Because I am an anally retentive sort of a person, and because I fancy it makes the checkout operator's job that little bit easier, I like to group my groceries on the conveyor belt. Bananas with the broccoli and beetroot. Toilet paper with the toothpaste and tampons. You get the idea. Anyway, last Sunday I had a new category. Gummy eyeballs with the spider webs and pumpkin.
"Stocking up, eh?" commented the woman serving me. "Halloween's huge around this area, isn't it," she said. And then, sotto voce, "You know, I hear they come all the way from South Auckland for the trick or treating. Whole carloads of them," she sniffed.
"So?" I said it quite boldly, and it was not what she was expecting. She had wanted my indignation, that we might quiver together in shared outrage. Instead we finished our transaction in an awkward silence.
Afterwards, loading my purchases into my car, I thought about her oddly-misplaced snobbery, about her thinly-veiled racism, about what else I could have said.
As I was lifting out my last bag, I saw, languishing in the back of the trolley, a round of brie. A round of brie I hadn't paid for, that sub-consciously I knew I had deliberately left in the trolley.
You see, I make a habit of checking my supermarket receipt, and more often than not find I have been overcharged, two boxes of teabags rung up when I only bought one, that kind of thing. And because sometimes I don't have time to return to the store to have the error rectified, and because I know how dishonorably supermarkets can behave towards small suppliers, and because it irks me to pay more than I owe, occasionally I take matters into my own hands.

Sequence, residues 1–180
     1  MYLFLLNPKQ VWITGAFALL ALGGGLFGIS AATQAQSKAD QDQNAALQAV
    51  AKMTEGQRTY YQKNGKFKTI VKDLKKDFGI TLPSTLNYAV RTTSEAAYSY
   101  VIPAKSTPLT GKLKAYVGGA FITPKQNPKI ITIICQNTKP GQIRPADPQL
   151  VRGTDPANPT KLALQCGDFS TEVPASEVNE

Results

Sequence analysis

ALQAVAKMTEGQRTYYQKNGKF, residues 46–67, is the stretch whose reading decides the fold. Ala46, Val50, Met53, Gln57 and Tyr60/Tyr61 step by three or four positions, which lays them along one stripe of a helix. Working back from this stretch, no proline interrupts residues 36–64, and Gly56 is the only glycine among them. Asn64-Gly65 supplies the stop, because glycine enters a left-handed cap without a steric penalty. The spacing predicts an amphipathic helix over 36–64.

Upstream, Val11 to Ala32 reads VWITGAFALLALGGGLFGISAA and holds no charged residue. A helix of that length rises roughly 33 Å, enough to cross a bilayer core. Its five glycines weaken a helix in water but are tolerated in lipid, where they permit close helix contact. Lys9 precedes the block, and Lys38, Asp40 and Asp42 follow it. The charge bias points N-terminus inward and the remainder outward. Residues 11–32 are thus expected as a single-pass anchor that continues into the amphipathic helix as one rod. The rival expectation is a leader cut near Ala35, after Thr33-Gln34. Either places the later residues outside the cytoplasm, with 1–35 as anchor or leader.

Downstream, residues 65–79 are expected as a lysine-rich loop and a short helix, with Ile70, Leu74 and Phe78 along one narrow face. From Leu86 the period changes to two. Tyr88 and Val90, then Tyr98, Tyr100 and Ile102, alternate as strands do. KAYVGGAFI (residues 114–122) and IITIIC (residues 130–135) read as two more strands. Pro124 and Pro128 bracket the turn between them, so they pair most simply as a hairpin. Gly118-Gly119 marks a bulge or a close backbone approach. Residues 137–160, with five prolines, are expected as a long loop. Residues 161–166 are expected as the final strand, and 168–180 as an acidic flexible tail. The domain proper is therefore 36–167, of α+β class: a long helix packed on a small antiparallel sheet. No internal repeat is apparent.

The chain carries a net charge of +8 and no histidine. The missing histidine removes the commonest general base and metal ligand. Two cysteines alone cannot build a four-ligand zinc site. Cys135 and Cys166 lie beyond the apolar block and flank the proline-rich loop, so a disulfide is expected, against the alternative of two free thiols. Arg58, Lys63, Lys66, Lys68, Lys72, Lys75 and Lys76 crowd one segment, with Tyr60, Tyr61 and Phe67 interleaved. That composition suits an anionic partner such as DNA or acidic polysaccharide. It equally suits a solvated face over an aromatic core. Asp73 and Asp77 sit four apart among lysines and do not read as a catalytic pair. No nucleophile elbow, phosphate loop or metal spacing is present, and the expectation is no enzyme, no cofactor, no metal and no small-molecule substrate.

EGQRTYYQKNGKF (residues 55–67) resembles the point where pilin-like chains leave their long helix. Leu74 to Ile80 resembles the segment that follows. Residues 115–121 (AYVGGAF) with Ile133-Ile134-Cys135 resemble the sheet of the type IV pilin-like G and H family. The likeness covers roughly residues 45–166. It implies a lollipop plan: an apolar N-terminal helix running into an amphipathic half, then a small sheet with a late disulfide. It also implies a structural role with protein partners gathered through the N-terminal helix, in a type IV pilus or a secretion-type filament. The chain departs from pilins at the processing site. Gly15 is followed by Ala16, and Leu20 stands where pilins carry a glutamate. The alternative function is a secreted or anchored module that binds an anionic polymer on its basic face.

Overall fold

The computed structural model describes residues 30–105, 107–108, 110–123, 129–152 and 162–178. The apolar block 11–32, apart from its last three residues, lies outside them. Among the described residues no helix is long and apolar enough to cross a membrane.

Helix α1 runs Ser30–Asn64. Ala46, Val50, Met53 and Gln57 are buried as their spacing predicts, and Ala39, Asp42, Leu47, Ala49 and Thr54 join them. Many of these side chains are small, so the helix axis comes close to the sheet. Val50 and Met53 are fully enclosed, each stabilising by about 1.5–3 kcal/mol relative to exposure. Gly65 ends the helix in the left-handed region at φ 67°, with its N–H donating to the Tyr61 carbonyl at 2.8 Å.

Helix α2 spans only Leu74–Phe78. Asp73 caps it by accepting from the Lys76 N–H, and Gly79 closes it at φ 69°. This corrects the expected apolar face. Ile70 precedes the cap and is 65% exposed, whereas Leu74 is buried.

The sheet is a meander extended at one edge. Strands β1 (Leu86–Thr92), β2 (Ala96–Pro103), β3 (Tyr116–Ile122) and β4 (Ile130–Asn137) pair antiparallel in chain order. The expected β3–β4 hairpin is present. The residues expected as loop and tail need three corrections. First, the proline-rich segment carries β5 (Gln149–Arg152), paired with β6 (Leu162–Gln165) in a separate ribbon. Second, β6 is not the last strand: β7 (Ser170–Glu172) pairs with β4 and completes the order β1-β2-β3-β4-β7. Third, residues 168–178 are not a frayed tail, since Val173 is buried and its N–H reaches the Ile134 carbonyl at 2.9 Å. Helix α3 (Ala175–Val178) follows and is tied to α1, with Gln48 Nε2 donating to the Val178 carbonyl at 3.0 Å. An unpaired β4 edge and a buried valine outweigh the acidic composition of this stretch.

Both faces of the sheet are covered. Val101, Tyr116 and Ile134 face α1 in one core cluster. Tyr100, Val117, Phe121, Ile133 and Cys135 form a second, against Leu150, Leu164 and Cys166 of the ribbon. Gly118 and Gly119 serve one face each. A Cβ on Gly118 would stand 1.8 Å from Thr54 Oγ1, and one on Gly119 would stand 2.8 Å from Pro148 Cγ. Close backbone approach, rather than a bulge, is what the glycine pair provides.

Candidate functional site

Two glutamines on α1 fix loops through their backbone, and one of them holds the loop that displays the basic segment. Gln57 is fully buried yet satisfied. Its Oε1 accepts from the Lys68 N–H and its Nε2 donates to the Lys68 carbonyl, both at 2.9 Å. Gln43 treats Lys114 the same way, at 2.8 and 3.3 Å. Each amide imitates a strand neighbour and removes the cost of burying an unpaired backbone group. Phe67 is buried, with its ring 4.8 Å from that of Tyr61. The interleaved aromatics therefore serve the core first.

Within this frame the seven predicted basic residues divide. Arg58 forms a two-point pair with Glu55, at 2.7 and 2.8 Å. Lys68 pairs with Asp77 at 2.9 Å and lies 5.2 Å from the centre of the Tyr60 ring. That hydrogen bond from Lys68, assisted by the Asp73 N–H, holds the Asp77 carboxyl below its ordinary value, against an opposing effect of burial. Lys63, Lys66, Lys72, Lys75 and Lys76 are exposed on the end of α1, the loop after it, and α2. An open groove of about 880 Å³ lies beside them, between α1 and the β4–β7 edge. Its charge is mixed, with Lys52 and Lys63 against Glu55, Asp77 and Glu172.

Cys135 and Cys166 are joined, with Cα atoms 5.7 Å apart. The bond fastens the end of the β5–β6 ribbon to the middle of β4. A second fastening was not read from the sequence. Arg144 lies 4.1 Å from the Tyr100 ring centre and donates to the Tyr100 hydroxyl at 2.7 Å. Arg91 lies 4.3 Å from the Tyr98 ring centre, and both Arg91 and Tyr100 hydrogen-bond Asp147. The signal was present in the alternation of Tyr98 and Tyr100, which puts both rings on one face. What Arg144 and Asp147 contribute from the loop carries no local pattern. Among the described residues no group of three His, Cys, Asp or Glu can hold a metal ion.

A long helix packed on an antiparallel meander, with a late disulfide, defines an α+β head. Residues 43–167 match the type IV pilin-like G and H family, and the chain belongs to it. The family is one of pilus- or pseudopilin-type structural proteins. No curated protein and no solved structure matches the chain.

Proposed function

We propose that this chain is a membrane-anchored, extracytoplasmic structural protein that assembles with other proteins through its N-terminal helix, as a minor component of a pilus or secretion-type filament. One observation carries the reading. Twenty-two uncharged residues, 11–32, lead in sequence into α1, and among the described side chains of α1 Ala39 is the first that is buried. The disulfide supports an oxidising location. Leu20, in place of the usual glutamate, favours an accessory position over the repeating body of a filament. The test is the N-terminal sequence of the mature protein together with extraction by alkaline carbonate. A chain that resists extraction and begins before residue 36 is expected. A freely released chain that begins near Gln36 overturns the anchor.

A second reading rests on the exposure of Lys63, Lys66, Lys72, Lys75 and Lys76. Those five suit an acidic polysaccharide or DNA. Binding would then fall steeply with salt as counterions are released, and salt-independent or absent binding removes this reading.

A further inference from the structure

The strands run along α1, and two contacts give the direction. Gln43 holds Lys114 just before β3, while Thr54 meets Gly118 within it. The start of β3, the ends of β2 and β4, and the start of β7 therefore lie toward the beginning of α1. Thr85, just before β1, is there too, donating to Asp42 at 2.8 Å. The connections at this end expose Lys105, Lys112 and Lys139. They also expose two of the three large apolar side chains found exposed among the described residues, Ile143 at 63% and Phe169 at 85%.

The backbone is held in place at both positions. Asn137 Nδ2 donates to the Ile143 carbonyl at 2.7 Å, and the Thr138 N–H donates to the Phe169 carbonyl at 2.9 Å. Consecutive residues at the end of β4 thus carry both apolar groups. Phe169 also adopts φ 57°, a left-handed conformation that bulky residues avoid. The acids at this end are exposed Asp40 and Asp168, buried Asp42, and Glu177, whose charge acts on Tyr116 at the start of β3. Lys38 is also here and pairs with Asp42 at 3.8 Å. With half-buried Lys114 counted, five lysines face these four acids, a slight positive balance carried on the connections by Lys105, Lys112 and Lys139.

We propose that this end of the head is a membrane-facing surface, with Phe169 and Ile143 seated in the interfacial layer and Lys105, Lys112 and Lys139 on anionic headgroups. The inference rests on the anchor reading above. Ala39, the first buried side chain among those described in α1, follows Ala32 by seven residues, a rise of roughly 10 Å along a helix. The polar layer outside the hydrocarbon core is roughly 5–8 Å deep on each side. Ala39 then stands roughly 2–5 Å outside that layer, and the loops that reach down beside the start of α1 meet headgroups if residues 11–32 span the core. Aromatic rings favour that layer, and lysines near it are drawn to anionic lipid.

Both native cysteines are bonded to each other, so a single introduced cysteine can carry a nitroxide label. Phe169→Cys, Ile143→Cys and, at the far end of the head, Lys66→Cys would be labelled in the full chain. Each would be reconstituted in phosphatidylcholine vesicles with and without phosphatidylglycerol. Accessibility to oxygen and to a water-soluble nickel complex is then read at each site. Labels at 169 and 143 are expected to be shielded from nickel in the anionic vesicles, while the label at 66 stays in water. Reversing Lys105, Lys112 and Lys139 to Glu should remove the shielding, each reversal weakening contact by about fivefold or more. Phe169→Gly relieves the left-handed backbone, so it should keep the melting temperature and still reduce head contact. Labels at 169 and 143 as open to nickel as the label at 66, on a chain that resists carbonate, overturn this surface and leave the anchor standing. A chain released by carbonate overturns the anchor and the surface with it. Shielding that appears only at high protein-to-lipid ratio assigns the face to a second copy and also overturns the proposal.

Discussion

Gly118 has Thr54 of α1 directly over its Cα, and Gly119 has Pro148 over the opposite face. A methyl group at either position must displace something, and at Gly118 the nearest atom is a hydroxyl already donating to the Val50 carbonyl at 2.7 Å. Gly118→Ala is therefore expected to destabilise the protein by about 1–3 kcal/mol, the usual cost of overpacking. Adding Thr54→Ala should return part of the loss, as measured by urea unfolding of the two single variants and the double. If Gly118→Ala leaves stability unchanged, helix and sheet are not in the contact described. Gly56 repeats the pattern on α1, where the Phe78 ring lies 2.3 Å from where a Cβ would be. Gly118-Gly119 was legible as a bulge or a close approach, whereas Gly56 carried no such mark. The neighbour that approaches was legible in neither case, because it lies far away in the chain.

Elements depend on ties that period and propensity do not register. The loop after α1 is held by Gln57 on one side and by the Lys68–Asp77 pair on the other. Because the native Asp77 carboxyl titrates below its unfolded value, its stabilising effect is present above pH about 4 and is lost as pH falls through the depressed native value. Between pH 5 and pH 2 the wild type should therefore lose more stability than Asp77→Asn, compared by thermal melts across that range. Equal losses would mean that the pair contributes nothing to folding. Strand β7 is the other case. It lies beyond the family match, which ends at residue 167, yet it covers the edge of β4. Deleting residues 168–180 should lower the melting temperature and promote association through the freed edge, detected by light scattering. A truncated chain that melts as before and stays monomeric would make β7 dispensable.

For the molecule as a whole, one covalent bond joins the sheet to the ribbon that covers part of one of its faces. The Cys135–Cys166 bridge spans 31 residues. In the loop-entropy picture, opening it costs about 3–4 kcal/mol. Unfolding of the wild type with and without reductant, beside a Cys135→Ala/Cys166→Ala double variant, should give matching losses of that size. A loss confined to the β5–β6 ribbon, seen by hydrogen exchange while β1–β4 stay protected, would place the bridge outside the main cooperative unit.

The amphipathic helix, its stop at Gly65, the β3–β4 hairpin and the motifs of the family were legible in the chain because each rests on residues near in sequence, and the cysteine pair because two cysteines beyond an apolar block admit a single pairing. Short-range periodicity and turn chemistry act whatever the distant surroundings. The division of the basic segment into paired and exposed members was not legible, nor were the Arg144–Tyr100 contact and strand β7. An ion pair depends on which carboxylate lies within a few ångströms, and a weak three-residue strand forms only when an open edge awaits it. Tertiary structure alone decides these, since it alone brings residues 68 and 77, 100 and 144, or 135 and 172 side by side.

Accidentally omitting to pay for some small thing of similar value the next time I do my shopping. Slipping my stolen cheese in with the yogurt, milk and butter, it occurred to me that, had the checkout operator witnessed my small act of thievery, she would quite probably, and perhaps rightly, judged me as harshly as I had her.
That's the funny thing about a moral compass, isn't it? We all assume due north is set at the same point. But one person's idea of sexual depravity is merely another's love life. One man's "perfect titties", another's "objectifying comment". My husband would never cheat at a game of cards, in fact I have seen him get hot under the collar playing snakes and ladders with our 8-year-old daughter when she tries to count out an extra square or two, and yet I have also seen him happily pocket the extra $10 change the gas station attendant has mistakenly handed him.
We have a friend who I know to be unfailingly loyal and big-hearted, and who I also know to be a kind of self-styled outlaw. Banned from his local supermarket for lunching on saveloys as he wandered the aisles, we are always eager to hear his latest exploits.
Recently he told us of a bottle of weed killer he'd, er, placed by a gap in the fence of the plant centre. In the dead of the night he returned on his bike and pilfered it. It's immoral, said his wife, half-horrified, half-proud. What about the drunken runner you did from that restaurant, he pointed out. But, she said, that was fun.
We are all guilty of occasionally mislaying our moral compass. In the end, like the late, great Helen Kelly said, surely it comes down to kindness. Perhaps the best we can ever hope for is that kind intent underlays most of our own actions, and guides those of the people we encounter.
Last week I wrote about the paradox of fretting over my children's screen time when I am addicted to my phone. June, 78, doesn't own one. "Lives are soon over and all you will be able to remember is your phone. How sad. I suppose they will be able to put it in the coffin with you." Rodney had a solution. "Come 5pm, slip the sim card out of your smartphone and stick it in a $15 dumbphone. Anyone can ring or text you and they probably won't. Next day at 9am put the sim card back in your smartphone. You will have to reset the date and time, a small price to pay for having freed up hours and hours for doing something useful."